It’s curious that such an unfavorably blunt portrayal gained so much popularity, and there were many who found it too depressing to even consider it comedy. But in contrast to the protestant work ethic in the United States and its obsession with success, average Joes (or Marios) in Italy endured capitalism rather than making the most out of it, which is why Fantozzi’s losing parable struck a chord with the silent majority. At a time when the establishment was trembling under the blows of a resolute and vigorous class struggle, Fantozzi represented the fearful mediocrity that kept the country from all-out revolution. Il Secondo Tragico Fantozzi, the saga’s second installment, ends with Fantozzi being summoned by the CEO—the Galactic Mega-Director—after throwing a stone against the Mega-Company windows. His act of solitary rebellion, from which his colleagues distance themselves, is met surprisingly with the benevolent paternalism of the Galactic Mega-Director who tells Fantozzi how their interests, far from being incompatible, are actually complementary. After succumbing to his superior’s rhetoric of friendly exploitation, Fantozzi ends up in the surreal human terrarium in the CEO office where instead of tropical fishes, he keeps sacked employees. The working class, the film presciently prefigured, would ultimately be defeated: what 40 years ago was the emblem of wage-slavery and material misery—a family, a small flat, a car, and a secure job—is now paradoxically a vision of Utopia to the millions of young Italians with zero prospects.

And yet Fantozzi was considered the embodiment of failure, and indeed any joy—be it professional, romantic, culinary—was sadistically denied to him in the stories. That extended to the political: every act of insubordination was methodically crushed. Most memorable was the “potemkin revolt” at the Mega-Company’s film club, in Il Secondo Tragico Fantozzi. At a time when the Communist Party dominated the rhetoric of official culture in Italy, Salce and Villaggio decided to take a jab at its pedantic orthodoxy (while ironically paying homage to a director they both admired). Ready to enjoy Italy’s soccer match at home on TV, Fantozzi is unexpectedly forced to attend a corporate screening of Eisenstein’s Battleship Potemkin with his colleagues at the Mega-Company. Though everyone rushes to praise the film once the credits roll up, Eisenstein’s classic has actually bored everyone to death and when the film curator invites the audience to partake in the debate, Fantozzi solemnly declares that “Battle Potemkin is absolute crap!” The room erupts in cheers of jubilation. Fantozzi and his colleagues take over the Mega-Company’s screening room, tie up the film curator, and force him to watch B-movies (giallos, polizziotteschi, etc.) as punishment. It is not long before the police break up the revolt, and the management devises a singular disciplinary measure: employees are to reenact the film’s Odessa steps sequence until they collapse.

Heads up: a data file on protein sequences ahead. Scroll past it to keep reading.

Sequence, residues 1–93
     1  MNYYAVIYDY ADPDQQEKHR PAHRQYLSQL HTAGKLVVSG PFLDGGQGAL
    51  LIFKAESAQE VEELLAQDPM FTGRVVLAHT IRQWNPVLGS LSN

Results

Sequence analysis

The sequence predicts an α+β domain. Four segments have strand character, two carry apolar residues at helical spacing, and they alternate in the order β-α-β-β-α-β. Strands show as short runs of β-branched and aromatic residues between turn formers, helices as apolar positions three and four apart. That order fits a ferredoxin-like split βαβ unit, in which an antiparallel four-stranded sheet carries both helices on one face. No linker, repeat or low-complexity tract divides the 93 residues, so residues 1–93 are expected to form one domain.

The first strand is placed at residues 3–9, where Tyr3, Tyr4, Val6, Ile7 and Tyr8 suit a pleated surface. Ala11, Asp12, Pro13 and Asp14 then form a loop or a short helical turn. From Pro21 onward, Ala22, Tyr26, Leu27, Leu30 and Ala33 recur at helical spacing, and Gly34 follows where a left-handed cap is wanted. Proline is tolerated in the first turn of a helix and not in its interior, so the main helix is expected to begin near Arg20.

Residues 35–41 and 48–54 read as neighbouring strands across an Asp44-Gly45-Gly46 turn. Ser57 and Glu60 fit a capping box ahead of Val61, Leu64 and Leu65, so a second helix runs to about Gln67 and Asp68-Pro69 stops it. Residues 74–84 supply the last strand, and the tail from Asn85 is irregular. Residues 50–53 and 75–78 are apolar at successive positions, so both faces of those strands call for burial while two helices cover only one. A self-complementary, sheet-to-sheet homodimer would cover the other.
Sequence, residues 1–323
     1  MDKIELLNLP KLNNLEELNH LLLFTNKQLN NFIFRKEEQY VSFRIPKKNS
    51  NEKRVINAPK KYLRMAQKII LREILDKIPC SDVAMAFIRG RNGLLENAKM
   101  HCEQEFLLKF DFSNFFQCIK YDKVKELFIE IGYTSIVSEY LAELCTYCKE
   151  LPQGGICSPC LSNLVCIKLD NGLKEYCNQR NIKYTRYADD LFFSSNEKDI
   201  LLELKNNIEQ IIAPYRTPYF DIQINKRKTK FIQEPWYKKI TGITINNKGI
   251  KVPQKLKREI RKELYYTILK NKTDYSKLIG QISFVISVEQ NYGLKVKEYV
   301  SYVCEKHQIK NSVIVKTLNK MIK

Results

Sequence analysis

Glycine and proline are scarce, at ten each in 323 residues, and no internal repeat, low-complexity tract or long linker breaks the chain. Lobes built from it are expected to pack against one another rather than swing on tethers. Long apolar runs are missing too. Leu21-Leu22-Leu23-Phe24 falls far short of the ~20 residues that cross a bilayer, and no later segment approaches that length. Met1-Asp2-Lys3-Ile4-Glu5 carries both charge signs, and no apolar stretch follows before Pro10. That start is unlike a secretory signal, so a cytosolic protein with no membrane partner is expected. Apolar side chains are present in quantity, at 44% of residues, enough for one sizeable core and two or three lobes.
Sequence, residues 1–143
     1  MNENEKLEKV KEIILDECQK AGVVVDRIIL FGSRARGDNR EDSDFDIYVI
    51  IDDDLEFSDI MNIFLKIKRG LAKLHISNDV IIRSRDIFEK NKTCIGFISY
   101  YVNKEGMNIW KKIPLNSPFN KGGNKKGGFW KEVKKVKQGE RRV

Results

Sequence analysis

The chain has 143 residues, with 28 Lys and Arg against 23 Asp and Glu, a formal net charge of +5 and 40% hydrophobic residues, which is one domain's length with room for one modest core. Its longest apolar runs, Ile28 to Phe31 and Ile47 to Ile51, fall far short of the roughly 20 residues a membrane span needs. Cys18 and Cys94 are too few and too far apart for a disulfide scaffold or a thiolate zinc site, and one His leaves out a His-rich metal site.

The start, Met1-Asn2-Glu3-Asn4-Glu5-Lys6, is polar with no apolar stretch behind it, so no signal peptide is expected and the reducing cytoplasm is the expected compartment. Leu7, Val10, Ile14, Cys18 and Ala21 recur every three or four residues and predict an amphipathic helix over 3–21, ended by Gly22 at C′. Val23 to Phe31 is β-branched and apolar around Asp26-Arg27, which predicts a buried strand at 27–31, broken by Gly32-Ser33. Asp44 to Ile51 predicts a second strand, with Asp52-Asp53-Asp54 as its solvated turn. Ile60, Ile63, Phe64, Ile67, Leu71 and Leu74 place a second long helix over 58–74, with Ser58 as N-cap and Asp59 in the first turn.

Fantozzi 2000 –The Cloning

But in a way, Fantozzi still couldn’t win: what was intended as a criticism of the co-optation of left-wing culture by the establishment turned into a paradoxical attack on culture itself. Over time, Fantozzi’s verdict on Battleship Potemkin was taken up as an popular anti-intellectual slogan. When Potemkin was screened earlier this summer before a vast audience at the Cinema Ritrovato festival, jokes about Fantozzi’s famous sequence could be heard all over the Piazza Maggiore. Prior to the screening, the Cineteca di Bologna conducted a witty campaign on social media asking how long people thought the Soviet classic was. Under the influence of Fantozzi, most guessed between three and four hours; the film is actually 70 minutes long.

So for the many who had only heard about Eisenstein’s film through Fantozzi, its potency—amplified by the huge screen and live score—was a revelation. A film that in Italy, outside cinephile circles, is (in)famous for being “absolute crap” was finally vindicated in the eyes of thousands of incredulous spectators. In one of the final scenes when the battleship is facing the Czar’s Navy, and the Navy sailors shout “Brothers!” instead of firing on the ship, the square erupted in a roaring applause that raised goosebumps. A week after the screening, Paolo Villaggio died. In the same square, the Cineteca di Bologna paid homage to the late Italian actor and unlikely national icon by screening Il Secondo Tragico Fantozzi—a film, in its own way, as revolutionary as Eisenstein’s.